Stephen Hawking was known the world over for his work as an astrophysicist, but his personal life could be as complicated as some of his theories.
Failed marriages, families divided, accusations of abuse and obsessive followers dogged Hawking, who died yesterday aged 76.
It was in 1963 that Stephen Hawking's life changed forever.
He met his future wife and mother of his two children at a New Year's Eve party and soon after he received the devastating diagnosis that he had motor neurone disease.
Within two years of meeting Jane Wilde the couple were married and became a family.
They had three children. Robert was born in 1967, and their daughter Lucy in 1970 and nine years later their third child Timothy was born.
Wilde believed problems for the couple began when Hawking began to achieve worldwide fame after the publication of A Brief History of Time. Accolades flowed from his landmark work, but so too did attention from admirers.
"I rather felt that the family had been left behind. To me, Stephen was my husband and the father of my children; one does not say to one's husband, 'Oh, you're so clever! I must worship the ground under your feet, or in this case, wheels'," Wilde recalled in a 2014 interview with Radio Times.
She went as far to brand some followers as "sycophantic".
The marriage didn't last. By 1990 it was over and Hawking began a relationship with his nurse, Elaine Mason.
In a nod to what developed with Mason, Wilde said she found the attitudes of people around Hawking "exhausting".
" ... it grew a lot worse when we finally had to engage carers".
She told the Times: "I expected that carers came into the home to help look after the disabled person and respect the rest of the family. Very few of them did that. I was desperate; I didn't think I could carry on, because I was so drained."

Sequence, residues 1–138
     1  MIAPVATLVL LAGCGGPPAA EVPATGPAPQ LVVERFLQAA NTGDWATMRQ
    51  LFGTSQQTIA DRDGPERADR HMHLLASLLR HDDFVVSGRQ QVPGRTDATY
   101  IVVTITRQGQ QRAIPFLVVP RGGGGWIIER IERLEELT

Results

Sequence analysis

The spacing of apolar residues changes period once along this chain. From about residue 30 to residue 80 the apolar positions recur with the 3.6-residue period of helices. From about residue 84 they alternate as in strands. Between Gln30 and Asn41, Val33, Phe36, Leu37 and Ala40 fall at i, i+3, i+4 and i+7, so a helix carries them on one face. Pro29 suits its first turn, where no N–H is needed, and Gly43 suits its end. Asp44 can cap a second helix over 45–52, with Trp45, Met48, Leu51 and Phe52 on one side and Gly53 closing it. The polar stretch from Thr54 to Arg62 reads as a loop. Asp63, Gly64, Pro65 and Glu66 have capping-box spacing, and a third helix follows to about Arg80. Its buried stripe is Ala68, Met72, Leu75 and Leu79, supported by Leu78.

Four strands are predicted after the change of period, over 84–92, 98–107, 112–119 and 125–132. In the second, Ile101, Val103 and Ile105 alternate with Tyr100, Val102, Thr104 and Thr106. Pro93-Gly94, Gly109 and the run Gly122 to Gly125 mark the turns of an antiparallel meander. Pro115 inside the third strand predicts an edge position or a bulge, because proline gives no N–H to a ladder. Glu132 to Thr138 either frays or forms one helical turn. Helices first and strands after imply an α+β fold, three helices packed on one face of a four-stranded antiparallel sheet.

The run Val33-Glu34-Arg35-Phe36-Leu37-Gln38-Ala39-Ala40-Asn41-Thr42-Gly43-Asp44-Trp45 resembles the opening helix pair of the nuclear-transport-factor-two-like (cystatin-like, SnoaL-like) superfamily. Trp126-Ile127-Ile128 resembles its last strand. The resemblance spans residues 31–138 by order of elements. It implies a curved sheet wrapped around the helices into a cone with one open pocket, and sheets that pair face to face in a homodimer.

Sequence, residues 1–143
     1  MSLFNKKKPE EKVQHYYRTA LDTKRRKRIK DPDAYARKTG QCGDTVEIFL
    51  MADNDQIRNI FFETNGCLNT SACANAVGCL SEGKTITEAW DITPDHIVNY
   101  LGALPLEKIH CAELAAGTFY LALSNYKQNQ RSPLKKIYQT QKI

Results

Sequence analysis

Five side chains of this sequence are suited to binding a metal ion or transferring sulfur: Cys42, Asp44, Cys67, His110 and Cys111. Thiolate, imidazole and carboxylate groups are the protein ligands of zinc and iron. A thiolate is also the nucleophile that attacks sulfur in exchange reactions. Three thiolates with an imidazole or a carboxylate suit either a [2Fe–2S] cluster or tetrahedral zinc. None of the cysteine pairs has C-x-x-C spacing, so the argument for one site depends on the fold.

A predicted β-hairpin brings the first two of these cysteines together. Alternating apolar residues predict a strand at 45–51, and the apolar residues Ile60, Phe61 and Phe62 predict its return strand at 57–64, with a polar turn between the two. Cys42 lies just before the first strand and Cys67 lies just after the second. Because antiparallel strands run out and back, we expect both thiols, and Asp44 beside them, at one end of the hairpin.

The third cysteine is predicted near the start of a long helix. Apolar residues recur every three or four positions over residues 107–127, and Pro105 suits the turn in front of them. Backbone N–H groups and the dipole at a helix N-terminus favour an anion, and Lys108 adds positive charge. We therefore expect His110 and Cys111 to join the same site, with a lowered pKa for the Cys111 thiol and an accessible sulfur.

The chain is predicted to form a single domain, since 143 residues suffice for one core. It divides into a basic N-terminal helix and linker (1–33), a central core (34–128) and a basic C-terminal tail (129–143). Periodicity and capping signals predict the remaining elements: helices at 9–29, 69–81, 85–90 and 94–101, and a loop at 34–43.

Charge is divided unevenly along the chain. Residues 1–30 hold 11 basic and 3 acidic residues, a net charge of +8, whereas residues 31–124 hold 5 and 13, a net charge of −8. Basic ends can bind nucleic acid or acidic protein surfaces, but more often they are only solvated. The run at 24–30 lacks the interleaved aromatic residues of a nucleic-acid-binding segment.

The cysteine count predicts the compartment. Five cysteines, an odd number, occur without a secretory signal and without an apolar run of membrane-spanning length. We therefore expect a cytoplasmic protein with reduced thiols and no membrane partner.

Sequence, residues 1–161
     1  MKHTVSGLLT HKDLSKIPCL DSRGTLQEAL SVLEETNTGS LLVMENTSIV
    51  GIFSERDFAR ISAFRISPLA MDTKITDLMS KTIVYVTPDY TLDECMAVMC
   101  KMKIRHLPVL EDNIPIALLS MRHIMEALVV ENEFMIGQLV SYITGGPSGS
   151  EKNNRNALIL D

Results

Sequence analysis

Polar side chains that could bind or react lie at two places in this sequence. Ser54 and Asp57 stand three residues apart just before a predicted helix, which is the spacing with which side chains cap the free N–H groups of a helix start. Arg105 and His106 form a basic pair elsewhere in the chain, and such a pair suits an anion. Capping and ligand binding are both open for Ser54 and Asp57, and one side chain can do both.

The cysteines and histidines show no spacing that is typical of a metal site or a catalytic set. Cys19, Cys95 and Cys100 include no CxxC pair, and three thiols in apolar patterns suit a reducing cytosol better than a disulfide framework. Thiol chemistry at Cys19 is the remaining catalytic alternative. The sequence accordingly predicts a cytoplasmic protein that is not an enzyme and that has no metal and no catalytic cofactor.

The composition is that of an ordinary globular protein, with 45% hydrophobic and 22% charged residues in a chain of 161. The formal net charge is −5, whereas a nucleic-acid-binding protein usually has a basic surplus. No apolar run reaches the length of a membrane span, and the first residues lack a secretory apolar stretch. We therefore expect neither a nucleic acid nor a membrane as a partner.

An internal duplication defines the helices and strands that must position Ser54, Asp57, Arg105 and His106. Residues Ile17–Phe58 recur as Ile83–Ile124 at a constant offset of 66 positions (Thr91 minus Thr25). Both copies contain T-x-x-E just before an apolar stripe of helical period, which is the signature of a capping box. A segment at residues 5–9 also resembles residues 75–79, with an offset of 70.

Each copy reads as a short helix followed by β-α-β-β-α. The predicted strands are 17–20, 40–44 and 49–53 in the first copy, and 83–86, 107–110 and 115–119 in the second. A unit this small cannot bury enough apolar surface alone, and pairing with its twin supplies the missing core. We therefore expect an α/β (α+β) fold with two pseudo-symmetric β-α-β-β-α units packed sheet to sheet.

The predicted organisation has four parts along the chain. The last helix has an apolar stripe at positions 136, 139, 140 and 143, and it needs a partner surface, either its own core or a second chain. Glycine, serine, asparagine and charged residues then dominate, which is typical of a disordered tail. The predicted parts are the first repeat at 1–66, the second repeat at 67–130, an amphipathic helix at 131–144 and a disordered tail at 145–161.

Hawking and Mason were married in 1995, a year after his divorce. But it wasn't all smooth sailing.
The second marriage caused friction with Hawking's children, who accused their stepmother of restricting access to their famous father.
Further tension came in 2003 after Hawking's nurses accused Mason of physically abusing Hawking and reported the incident to police.
The police investigation was called off after Hawking denied the allegations.
After 11 years of marriage, Mason filed for divorce in 2006. There was immediate speculation Hawking was cheating on her — something he strongly denied — and a matter-of-fact response was issued through a spokesperson.
"He is far too busy. This is just a distraction which is really annoying. We don't have any time for any of this. We have no interest in any of the gossip that is going on," was the official response.
Before the couple called it quits, and at the height of the abuse claims, Lucy Hawking told Vanity Fair her stepmother could "choke" on any money she was left if her father died.
"Well, it's a worry," she said. "I mean, at some point you ask yourself, Is it really worth it? I mean, the pain and the struggle we've been through, if this all turns out to be about money, well, then — she can keep it and I hope she chokes on it."
In 2004, Wilde told the Guardian she, Hawking and their children were barely on speaking terms.
"I used to see him. I never set foot in his house, of course — that is very much forbidden territory," she said. "But I used to go and see him in his office, and we used to have a good time, talking about the children and then about William, our grandchild. But I don't even know now whether he is in hospital or back at home. The children don't know either. So that is where we are."
After the marriage to Mason ended, things improved dramatically.
Wilde said she began communicating with Hawking again after his second divorce and even appeared alongside him in front of the world's media on the red carpet when the film The Theory of Everything premiered in London.
Neither Wilde or Mason have publicly commented since his death, but Hawking's children announced the news with a touching statement and tribute.
"We are deeply saddened that our beloved father passed away today. He was a great scientist and an extraordinary man whose work and legacy will live on for many years," the statement said. "His courage and persistence with his brilliance and humour inspired people across the world.
"He once said, 'It would not be much of a universe if it wasn't home to the people you love.' We will miss him forever."